Project Management

Agile is not enough! Be Anti-FrAgile

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A contrarian and provocative blog that goes beyond the traditional over-hyped dogma of "Agile", so as to obtain true agility and project leadership through a process of philosophical reflection.

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Some time back I wrote about the idea of being FrAgile rather than Agile, in which one seeks out complexity and chaos rather than the traditional route of avoiding them at all costs.  Back then I wrote that:

This is very new and I’m still thinking it through, but rather than the reductive process of extrapolating out the clearly defined project activities in a controlled iteration, could there be a way to let these “run loose” so to speak, see what kind of behavioral patterns and team dynamics result and just help facilitate the team to channel the flow patterns till they deliver what they need?

Well, after having read Taleb’s book “Antifragile: Things That Gain From Disorder”, it dawned on me that this interesting thinker had already come to a similar conclusion.  This idea ties in nicely with his other books such as “Fooled by Randomness” and “Black Swan” in that it outlines a strategy where one can actually thrive in a world run by uncertainty.  As Taleb states, Antifragile is a blueprint for living in a Black Swan world. . . . The antifragile, and only the antifragile, will make it.”

As this PwC study outlines quite nicely:

The idea that businesses might be experiencing an unprecedented amount of “stress and disorder” should come as no surprise. CEOs and other senior executives consistently describe uncertain future business conditions as a key concern.

The term “antifragility,” coined by Nassim Nicholas Taleb in his book Antifragile: Things That Gain from Disorder, is defined by the source of its strength. Like the human body, whose immune system gets stronger from exposure to germs and diseases, the antifragile system improves or responds positively when shocked.

While fragile systems are easily injured and suffer from volatility, antifragile systems grow stronger in response to volatility. So-called robust systems remain unchanged.

The fragile are susceptible to large lethal shocks.
The robust can handle adversity but stay the same.
The agile move and adapt rapidly.
The antifragile grow and improve (evolve) from external shocks.

Antifragile is beyond stable, beyond robust; stable and robust systems resist shocks but stay the same . . . antifragile systems as those capable of absorbing shocks and being changed by them in positive ways . . stable systems, because they don’t change, eventually experience shocks large enough to cause catastrophic failure. Antifragile systems break a little all the time but evolve as a result, becoming less prone to catastrophic failure. . . . Antifragile systems adapt and evolve in response to stress and changes to their environment.

When the magnitude of change stays within a normal range, robustness can be a state that seems resilient. During periods of unusual change, only the antifragile organizations prove to be resilient.

Life, Taleb says, is not as predictable or explainable as the rationalists would have us believe; instead, simple sets of rules help us to navigate through a complex and constantly changing landscape. He argues, “We have been fragilizing our economy, our health, education, almost everything—by suppressing randomness and volatility…If about everything top down fragilizes and blocks antifragility and growth, everything bottom up thrives under the right amount of stress and disorder.”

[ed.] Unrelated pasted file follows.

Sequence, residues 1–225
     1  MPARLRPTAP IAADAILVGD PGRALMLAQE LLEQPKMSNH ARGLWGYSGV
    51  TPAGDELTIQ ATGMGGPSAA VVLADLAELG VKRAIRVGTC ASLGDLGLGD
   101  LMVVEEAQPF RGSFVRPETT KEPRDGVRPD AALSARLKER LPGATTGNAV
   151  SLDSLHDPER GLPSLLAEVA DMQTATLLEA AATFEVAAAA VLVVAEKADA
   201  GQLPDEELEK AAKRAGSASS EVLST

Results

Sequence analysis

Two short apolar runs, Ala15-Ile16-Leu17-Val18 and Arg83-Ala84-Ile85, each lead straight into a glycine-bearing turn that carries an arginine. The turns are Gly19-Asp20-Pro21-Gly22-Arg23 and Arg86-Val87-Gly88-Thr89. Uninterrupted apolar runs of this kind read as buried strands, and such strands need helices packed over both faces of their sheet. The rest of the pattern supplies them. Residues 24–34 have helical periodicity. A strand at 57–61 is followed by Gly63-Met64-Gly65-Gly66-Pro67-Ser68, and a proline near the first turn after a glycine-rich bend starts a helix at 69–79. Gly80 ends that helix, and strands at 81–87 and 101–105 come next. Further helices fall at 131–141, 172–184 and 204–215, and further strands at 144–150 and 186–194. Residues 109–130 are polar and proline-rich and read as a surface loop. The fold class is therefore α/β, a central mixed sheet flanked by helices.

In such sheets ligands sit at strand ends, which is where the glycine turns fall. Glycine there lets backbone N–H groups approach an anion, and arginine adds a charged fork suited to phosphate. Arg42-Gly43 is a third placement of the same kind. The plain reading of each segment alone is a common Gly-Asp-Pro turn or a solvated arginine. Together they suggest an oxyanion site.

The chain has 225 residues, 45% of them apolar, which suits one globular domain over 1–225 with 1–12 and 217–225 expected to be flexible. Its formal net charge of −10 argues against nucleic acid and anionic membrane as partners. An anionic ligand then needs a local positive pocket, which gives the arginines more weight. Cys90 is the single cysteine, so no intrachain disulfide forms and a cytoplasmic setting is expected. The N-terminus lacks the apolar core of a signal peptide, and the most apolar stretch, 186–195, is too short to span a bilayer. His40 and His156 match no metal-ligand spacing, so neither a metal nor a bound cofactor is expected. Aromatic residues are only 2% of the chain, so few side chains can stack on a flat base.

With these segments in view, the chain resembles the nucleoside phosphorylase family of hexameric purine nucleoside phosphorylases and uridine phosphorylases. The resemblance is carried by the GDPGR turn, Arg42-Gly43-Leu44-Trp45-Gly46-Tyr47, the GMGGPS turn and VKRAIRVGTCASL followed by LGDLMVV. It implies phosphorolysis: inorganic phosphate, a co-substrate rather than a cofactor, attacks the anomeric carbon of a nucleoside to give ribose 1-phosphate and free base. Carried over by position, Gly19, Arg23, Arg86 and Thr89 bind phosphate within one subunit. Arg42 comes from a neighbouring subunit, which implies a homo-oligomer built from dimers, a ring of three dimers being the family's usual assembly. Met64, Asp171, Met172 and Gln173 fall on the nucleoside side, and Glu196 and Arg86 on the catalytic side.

I think the disparities resides in the fact that we live in volatile world, yet rather than using this fact of our business existence to our advantage, organizations seek to do everything to possible to avoid or at best minimize it.  Agile was on method created to address this by breaking up projects into smaller chunks so as to adapt, iterate and deploy quicker so as to better manage this volatility.  But this is not enough!  I think one has to adopt the mindset of proactively introducing targeted disruptive shocks which are enough to induce and promote growth and innovation, but not so much as to completely damage the project and teams. 

Basically, it is no different that the health benefits of doing weight resistant exercises that actually cause micro-fractures in the bones and micro-tears in the muscle that in turn cause them to heal, the result of which is stronger more robust bones and muscle and overall health.  Too much of this is bad since you don’t allow the body to heal, too little and you won’t gain the health benefits, but there’s a point that becomes just right.  Furthermore, your body will adjust causing you to gradually up your game, which in turn further strengthens your body and overall health.

I’ll be writing more about this Anti-FrAgility which I think is the next big evolution.

Posted on: September 26, 2014 11:20 AM | Permalink

Comments (3)

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Kevin Coleman Subject Matter Expert, Author, Speaker and Strategic Advisor| - Insights Pa, USA
I have found that many technology companies embrace Agile, while the customers see it as a short-cut. Also, integrating cyber security into Agile is a must these days. I wrote about this issue a few years ago.

"How to Achieve More 'Agile' Application Security"

Bruce Harpham Editor & Author| Toronto, Ontario, Canada
Your suggestion here is interesting:
"I think one has to adopt the mindset of proactively introducing targeted disruptive shocks which are enough to induce and promote growth and innovation, but not so much as to completely damage the project and teams."

What would a targeted disruptive shock look like?

Alaa Hussein Program Manager| MEMECS Baghdad, Iraq
Thanks for sharing

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